Sunday, October 24, 2021

A Night Twice as Long, by Andrew Simonet

A blackout that stretches out over several weeks provides an unusual setting for this unconventional road trip story.

Before the lights went out, things were already going pretty badly for Alex.  Her father has abandoned the family.  Her severely autistic brother, Georgie had been removed to foster care.  Her mother had surrendered to depression.  But a world with no electricity seems to Alex like an opportunity to reset and fix things. She kicks things off by shaving off her hair.

Meanwhile, her neighbor and best friend Anthony has heard a rumor that some guys at the VFW a few towns over have a shortwave radio and can use it to communicate with the outside world.  He wants to go and see if he can contact his mother who is currently stationed overseas.  Alex agrees to go with him and the two teens set out on foot.  The trip is supposed to take just a few hours, but becomes an overnight adventure, during which the kids find out that the loss of electricity has brought out the weird in people.  From nudists to schools without walls to Christian survivalists, Alex and Anthony (along with Georgie who they pick up along the way) find that, in a world without lights, so many hard things seem possible.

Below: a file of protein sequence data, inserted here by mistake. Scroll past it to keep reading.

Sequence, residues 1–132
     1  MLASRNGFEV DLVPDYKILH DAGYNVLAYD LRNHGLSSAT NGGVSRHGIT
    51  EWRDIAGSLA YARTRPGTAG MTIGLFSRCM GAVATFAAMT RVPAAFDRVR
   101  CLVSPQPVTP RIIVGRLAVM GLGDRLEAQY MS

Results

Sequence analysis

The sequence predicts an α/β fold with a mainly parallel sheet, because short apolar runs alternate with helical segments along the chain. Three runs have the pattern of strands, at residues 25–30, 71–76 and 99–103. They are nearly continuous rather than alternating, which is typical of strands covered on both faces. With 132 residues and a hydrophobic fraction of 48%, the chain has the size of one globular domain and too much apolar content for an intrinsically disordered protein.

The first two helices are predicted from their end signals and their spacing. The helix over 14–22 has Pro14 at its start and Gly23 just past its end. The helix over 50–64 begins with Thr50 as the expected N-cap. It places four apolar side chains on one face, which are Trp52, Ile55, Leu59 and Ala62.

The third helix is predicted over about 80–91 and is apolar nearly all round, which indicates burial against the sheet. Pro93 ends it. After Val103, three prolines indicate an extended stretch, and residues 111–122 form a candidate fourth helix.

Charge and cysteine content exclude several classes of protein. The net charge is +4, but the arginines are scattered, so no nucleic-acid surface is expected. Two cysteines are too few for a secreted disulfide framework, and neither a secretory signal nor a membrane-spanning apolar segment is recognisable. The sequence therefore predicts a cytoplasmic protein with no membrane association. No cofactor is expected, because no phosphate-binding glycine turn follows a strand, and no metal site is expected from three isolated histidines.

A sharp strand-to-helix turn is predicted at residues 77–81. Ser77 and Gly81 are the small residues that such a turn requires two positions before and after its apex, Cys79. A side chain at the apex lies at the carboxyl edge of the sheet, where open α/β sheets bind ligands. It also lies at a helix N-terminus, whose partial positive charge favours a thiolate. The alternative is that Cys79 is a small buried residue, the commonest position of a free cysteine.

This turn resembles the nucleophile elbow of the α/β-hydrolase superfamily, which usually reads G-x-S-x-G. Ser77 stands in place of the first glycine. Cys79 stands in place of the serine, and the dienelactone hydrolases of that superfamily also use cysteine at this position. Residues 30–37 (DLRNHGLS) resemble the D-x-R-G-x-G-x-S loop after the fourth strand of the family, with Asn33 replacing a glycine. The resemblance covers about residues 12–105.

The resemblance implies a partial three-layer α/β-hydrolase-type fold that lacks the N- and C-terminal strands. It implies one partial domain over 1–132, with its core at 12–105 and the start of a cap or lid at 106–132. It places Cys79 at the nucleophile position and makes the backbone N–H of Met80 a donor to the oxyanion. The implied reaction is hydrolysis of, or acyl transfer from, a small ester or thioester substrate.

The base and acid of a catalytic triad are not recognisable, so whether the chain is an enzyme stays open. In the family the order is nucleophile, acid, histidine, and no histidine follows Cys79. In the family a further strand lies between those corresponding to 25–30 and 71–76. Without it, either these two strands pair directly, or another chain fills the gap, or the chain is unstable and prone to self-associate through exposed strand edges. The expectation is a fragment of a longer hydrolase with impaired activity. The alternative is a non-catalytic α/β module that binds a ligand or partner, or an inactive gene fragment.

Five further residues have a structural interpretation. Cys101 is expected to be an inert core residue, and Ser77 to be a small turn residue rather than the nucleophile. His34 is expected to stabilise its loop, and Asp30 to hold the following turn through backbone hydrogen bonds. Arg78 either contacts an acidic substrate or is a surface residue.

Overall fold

Misclassified as YA, this is really an adult book with teenage characters.  It has some powerful observations about race (Anthony is black), class (they are both poor), and developmental disability.  Simonet is particularly eloquent on the latter subject letting Alex rant profusely about the awkward way that people treat autism and families with autistic members.  While autistic characters like Georgie are no longer exceptional in YA, the subject of their families is rare in any genre so that makes this novel stand out.  But beyond this, Simonet does not offer much for the story.  The blackout is more background than focus (so no post-apocalyptic moments of note) and is more of an excuse to give the kids a reason for their two-day hike.  I liked the characters, finding them firm, resourceful, and yet flawed, but there isn't much for them to do here.  I think there was room here to take all of these nice observations about humanity and also fit in a real adventure.

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